#4 What to Read, or should you Listen instead

The Invaluable Amazon's free sample, The Audio Revolution & How do you share?

Hey, Hunter-Gatherer!

With everything going on, I hope you're safe and happy. Thank you for all the responses on "Should you Read News?" It felt timely to share our final stand on the state of News. (Link)


In the last letter, I asked if you ever met someone online and went on to become friends in the physical world. As people recounted their stories to me, I noticed something interesting: Almost all friendships were initiated over a piece of content shared online.

Direct sharing of content may not earn you the likes, but it strikes up interesting conversations. Also, the content that you recommend is obviously often really good. If I have to find the best content I’ve ever come across, I can search all the links on my WhatsApp.

Here I share some of the most interesting content I’ve ever come across. And I am always eager to continue the conversation and exchange more thoughts. Let's keep this interactive.


🛠Try this

You can definitively decide whether to buy a book or not simply after reading the first chapter from Amazon's free sample. An article or book will tell you if it’s good within its first few pages/chapters.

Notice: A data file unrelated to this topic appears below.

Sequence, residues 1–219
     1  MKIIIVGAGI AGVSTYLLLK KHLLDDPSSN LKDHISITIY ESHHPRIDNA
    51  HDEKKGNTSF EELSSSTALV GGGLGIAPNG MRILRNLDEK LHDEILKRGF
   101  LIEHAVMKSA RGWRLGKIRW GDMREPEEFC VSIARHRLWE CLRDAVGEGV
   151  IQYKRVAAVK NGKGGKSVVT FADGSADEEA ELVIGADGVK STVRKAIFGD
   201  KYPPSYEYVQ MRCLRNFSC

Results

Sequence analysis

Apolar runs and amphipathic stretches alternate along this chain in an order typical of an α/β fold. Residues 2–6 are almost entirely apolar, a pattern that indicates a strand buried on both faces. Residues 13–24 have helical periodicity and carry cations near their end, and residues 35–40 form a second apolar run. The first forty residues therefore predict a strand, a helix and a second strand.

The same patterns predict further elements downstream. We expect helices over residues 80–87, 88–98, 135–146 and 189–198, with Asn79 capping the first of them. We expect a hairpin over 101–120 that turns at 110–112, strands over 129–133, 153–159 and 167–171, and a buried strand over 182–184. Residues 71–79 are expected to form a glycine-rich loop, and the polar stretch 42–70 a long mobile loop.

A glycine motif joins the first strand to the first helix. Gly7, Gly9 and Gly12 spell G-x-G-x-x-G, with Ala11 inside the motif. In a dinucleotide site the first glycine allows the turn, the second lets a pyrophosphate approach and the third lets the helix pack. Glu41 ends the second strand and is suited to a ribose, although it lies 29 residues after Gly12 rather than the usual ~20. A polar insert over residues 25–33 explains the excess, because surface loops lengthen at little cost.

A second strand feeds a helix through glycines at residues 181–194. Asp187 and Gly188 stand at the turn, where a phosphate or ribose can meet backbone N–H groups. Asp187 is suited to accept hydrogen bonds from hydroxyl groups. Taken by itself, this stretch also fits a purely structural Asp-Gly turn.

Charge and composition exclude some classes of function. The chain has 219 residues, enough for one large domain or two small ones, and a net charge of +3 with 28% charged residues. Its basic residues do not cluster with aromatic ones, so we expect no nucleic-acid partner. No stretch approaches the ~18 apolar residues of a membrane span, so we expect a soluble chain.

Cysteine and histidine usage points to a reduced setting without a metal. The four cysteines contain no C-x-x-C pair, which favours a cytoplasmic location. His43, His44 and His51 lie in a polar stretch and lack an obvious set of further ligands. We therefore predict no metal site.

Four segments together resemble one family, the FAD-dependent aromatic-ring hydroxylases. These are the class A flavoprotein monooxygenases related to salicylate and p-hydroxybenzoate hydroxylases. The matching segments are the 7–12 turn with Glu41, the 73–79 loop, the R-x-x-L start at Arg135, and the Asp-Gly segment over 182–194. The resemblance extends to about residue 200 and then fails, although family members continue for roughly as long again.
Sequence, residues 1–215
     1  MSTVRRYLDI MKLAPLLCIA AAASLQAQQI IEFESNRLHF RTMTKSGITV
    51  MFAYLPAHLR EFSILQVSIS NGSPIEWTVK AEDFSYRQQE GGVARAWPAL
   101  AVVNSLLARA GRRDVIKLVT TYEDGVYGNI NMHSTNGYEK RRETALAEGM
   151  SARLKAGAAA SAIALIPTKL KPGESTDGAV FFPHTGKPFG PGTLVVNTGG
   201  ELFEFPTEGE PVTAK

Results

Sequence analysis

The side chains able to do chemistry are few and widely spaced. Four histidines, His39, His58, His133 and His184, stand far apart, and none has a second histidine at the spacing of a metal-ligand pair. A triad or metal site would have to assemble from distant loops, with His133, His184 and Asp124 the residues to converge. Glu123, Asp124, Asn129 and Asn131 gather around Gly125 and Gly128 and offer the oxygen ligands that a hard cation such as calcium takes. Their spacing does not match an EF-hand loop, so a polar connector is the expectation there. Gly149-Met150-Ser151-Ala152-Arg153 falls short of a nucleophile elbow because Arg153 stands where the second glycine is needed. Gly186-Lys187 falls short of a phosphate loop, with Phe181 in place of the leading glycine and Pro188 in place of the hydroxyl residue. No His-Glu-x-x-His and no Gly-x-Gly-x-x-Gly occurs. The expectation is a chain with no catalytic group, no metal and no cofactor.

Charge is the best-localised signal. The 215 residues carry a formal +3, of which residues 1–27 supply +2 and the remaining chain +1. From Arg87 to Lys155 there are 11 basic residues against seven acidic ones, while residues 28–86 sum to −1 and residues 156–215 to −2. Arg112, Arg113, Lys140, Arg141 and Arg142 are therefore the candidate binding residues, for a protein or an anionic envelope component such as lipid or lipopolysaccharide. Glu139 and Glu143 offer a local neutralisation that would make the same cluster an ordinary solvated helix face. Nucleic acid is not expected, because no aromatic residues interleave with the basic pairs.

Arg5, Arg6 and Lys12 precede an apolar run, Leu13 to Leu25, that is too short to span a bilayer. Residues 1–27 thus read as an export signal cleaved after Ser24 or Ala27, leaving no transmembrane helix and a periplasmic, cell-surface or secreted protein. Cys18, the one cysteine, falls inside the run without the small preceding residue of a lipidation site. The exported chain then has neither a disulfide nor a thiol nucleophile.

In the previous letter, I introduced you to a former journalist & the editor of The Browser, Robert Cottrell. The Browser is a newsletter where he sends you content that can utterly surprise or delight you. He browses 1,000 pieces daily and has read over 3,000,000 pieces over the last 10 years of curating content for the Browser. From his vast experience, he points out:

If a piece doesn't start well, the chances are vanishingly small it will end well.

And hence he finds Amazon's Free Sample almost too good to be true. Now you can simply read the first chapter of any book and definitively decide whether you want to continue or not. That’s where the core idea is laid out.

Be ruthlessly decisive in your consumption. Information isn't scarce anymore, your attention is.